Cities have never belonged only to humans, non-humans have always been city dwellers, too. Parks, cemeteries, wastelands, overgrown ruins, building sites, and the city’s multilayered architecture itself offer good living conditions for many species. Currently, the migration of animals to cities is increasing worldwide. One of the reasons is that the food supply in cities is often better than in rural areas dominated by the monocultures of the agricultural industry. At the same time, since the beginning of the modern era, urbanization has led to the massive consumption of natural resources and extensive land take, contributing significantly to climate change and the extinction of species. In the search for ways out of the ecological crisis, we need to confront the central yet ambivalent role of cities as spaces of cohabitation.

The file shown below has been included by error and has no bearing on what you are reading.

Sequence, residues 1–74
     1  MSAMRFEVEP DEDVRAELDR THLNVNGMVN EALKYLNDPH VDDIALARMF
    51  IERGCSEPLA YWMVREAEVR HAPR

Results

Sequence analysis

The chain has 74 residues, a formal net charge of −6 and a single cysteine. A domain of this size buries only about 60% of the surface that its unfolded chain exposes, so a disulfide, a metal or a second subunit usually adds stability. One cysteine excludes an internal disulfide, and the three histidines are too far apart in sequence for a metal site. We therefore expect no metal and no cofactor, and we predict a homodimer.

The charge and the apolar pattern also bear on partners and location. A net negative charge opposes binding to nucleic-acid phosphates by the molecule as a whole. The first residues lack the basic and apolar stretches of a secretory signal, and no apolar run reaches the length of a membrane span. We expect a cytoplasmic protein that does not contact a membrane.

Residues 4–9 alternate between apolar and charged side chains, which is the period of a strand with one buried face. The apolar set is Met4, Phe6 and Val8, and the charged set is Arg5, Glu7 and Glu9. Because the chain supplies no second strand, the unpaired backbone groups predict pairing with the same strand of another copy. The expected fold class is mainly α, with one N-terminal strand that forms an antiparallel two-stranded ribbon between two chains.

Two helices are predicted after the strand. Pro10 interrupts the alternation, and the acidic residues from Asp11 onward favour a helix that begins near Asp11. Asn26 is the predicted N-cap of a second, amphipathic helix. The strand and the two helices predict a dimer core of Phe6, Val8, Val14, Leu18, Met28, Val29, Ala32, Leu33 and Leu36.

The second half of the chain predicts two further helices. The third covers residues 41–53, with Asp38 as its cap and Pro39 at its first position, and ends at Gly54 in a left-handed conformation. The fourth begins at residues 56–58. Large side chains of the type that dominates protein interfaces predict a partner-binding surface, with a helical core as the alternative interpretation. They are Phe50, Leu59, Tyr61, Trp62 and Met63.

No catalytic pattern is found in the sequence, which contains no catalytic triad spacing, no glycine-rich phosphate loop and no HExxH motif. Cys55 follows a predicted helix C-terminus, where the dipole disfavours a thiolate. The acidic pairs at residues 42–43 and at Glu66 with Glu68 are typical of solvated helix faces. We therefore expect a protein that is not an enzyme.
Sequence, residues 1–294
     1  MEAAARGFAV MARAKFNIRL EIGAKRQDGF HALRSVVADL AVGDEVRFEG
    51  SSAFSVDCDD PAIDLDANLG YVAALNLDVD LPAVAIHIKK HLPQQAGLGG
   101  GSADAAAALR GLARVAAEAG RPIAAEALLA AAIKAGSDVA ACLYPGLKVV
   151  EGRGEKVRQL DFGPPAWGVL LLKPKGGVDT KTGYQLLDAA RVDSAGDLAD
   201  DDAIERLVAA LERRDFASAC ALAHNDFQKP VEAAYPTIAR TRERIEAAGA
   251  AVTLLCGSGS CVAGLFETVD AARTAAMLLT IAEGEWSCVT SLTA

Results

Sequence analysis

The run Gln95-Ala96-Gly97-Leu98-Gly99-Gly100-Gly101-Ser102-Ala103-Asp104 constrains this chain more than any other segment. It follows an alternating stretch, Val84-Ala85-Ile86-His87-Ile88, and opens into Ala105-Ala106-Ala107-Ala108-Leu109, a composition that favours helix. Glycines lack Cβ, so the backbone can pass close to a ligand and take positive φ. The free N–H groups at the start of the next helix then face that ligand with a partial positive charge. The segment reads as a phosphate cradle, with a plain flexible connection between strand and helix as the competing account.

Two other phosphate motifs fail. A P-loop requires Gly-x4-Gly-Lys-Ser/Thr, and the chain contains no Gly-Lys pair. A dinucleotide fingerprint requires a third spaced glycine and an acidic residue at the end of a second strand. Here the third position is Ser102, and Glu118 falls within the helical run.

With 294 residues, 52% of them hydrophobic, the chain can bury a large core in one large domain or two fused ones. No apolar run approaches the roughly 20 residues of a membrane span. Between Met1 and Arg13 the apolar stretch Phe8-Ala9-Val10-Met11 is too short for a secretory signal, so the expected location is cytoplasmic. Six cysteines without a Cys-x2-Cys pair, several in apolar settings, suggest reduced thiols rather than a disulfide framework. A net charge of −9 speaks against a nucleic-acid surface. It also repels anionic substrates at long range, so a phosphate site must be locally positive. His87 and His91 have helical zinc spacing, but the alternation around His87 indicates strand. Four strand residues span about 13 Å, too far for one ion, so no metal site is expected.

It is time to recognize non-human species as urban agents and to develop new approaches that integrate them into design practice and spatial production. In addition to urban questions, Cohabitation also addresses urgent political issues. The plundering of nature leads to global chains of exploitation and injustice among non-humans and humans alike. Rethinking human-non-human relations therefore also means taking class and gender relations as well as racism into account. Only then can we reimagine how to live together in solidarity in future urban societies.